Use this URL to cite or link to this record in EThOS: http://ethos.bl.uk/OrderDetails.do?uin=uk.bl.ethos.511225
Title: Remediation of abandoned metal mine drainage using dealginated seaweed
Author: Hartley, Suzanne
Awarding Body: Aberystwyth University
Current Institution: Aberystwyth University
Date of Award: 2008
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Abstract:
This thesis develops and demonstrates an innovative method for adsorbing metals from metal mine drainage in mid-Wales and northern Italy using dealginated seaweed (DS) as a biosorbent. The chemical composition of 15 mine drainages and two receiving waters in Wales was determined over a two year period in relation to precipitation and season. The waters were circum-neutral, iron-poor (<1 mg/L) but metal-rich, dominated by Zn ( 42 mg/L), Cu ( 188 μg/L), Cd ( 99 μg/L) and Pb ( 2.7 mg/L). The chemical composition varied throughout the year, but did not necessarily show clear seasonal variation, with Zn, Cd and Pb tending to show a winter maximum. The physico-chemical adsorption characteristics of the DS were determined. Over 80 % of Zn, Cd and Pb were removed from solution within 15 minutes of contact; adsorption was not affected by pH (between 3.3 and 6.6) nor by additional elements in solution. The adsorption capacity of the DS was Pb > Cd > Zn. The main removal mechanisms were determined to be adsorption and ion exchange with Ca, Na, Mg released from the DS surface. Treatment plants containing DS were deployed at three sites in mid-Wales and one site in Italy. In mid-Wales, Zn, Pb and Cd adsorption peaked within an hour (at ~98 %) associated with a significant release of Ca, Mg and Na. The DS adsorbed Pb > Cd > Zn, with the DS adsorbing ~1 % of its dry weight of Pb, ~0.01 % Cd and ~2 % Zn. The saturation of the DS was dependent on the mine drainage composition, with adsorption continuing for several months when low metal concentration (<1 mg/L) mine drainages were remediated. In Italy, acidic (~pH 2.5), metal-rich ( 120 mg/L Al, 420 mg/L Fe and 99 mg/L Cu) mine drainage required neutralisation and Fe-removal before entering the DS treatment plant to remove the remaining metals. The treatment plants improved the quality of mine drainage and reduced their impact on receiving water courses; the plant was designed to be a practical, low-cost, solution which uses a waste product (from the alginate industry). This thesis demonstrated a novel method for remediation of neutral, low Fe waters, and is applicable as a final ‘polish’ when acidic, Fe-rich water has been neutralised and the Fe removed.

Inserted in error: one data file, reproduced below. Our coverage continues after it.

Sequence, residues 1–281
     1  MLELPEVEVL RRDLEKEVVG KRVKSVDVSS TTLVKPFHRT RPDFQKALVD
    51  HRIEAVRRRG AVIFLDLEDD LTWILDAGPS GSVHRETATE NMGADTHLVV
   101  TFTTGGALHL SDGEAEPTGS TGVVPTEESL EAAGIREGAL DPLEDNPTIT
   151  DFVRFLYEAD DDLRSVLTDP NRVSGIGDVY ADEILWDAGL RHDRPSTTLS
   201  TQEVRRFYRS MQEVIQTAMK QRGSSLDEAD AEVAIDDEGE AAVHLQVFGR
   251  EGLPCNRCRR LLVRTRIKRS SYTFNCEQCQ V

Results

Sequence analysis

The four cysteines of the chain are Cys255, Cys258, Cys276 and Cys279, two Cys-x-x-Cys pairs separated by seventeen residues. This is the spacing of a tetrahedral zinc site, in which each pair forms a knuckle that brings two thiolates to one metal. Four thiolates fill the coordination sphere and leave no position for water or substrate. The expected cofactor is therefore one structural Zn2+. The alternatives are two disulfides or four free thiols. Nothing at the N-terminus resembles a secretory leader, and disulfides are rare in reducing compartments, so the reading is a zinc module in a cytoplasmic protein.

Supervisor: Perkins, William ; Pearce, Nicholas Sponsor: EU-LIFE Environment project 'BIOMAN' (LIFE03/ENV/UK/000605)
Qualification Name: Thesis (Ph.D.) Qualification Level: Doctoral
EThOS ID: uk.bl.ethos.511225  DOI: Not available
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